Shana tova! Welcome to 5775!

Wishing you a shana tova u’metukah! A happy and sweet new year! I hope wherever you were it was a peaceful and meaningful holiday! At our Oraynu congregation (www.oraynu.org) service yesterday, I did a commentary on the challenging story of the akedah – the binding of Isaac. I then spoke about the need for presence, balance, mindfulness, and rest. Part of my commentary is here:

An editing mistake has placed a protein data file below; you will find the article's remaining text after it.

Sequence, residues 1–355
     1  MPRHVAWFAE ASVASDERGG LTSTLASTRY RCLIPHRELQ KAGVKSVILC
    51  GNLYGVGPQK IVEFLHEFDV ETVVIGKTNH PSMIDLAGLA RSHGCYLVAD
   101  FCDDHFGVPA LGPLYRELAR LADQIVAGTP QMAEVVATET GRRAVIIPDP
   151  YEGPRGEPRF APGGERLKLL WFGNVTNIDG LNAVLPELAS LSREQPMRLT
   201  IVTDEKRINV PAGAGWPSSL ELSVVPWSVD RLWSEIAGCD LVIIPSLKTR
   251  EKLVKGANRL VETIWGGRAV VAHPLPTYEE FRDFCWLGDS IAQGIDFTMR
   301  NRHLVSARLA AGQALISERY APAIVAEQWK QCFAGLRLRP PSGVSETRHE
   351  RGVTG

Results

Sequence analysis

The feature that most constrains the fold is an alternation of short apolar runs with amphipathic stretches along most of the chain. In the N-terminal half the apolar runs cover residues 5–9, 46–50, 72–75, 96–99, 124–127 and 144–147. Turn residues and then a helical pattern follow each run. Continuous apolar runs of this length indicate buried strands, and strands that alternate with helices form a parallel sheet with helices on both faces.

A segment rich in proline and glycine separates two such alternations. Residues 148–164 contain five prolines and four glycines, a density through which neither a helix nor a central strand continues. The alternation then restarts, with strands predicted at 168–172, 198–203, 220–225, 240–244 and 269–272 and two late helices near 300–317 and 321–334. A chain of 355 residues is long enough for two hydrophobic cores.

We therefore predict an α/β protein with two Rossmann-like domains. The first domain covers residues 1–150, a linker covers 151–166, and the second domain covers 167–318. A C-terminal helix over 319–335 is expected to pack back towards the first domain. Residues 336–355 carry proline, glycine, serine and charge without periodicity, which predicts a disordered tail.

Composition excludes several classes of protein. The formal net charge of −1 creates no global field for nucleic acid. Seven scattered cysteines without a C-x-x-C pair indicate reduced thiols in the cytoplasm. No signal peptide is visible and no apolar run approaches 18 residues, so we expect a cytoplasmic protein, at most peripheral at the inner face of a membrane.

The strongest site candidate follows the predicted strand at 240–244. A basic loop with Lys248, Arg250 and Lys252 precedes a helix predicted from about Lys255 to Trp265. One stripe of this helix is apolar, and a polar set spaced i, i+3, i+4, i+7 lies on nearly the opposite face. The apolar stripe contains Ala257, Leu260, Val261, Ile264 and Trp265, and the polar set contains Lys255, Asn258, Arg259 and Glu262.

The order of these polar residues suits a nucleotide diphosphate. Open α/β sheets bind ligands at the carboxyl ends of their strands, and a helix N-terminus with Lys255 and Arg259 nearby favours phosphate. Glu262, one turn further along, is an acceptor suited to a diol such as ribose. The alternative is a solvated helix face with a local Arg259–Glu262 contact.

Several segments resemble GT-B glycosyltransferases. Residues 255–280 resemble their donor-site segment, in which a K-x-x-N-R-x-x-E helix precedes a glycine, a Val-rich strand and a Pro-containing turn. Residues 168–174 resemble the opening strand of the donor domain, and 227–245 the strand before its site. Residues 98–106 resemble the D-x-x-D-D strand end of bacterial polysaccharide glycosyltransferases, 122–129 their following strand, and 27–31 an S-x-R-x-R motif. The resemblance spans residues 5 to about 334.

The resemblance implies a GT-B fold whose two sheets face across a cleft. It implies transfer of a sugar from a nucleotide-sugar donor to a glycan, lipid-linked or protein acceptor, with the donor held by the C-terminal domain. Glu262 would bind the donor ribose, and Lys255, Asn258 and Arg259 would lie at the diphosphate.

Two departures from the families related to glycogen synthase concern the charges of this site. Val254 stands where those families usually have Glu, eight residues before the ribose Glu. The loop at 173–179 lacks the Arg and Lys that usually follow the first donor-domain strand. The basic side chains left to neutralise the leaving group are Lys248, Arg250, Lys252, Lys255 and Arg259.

In the story, twice when called by God, Abraham answers “hineni,” “Here I am.” This occurs at the beginning of the story as God is about to command him to sacrifice Isaac, and also just before God stays his hand. The repetition signifies the importance of the phrase; the expression of Abraham’s devotion. Presence is a gift we give one another that should not be taken lightly. This story as part of Rosh Hashanah liturgy reminds us to be present in our own reflections as we take account of our own souls and lives in the pursuit of our own goodness. It reminds us that the gift of presence we offer our loved ones and our community is the most precious gift of all. In times of distress, or loneliness, or pain, what better solace is there than to feel someone is there for us? What more important act, than to say and demonstrate to those in our lives: “I am here.” Most read the Akedah as a call to faith. But I read it as a call to presence: the devotion to self and community that comes out of active, willing, committed, and purposeful presence.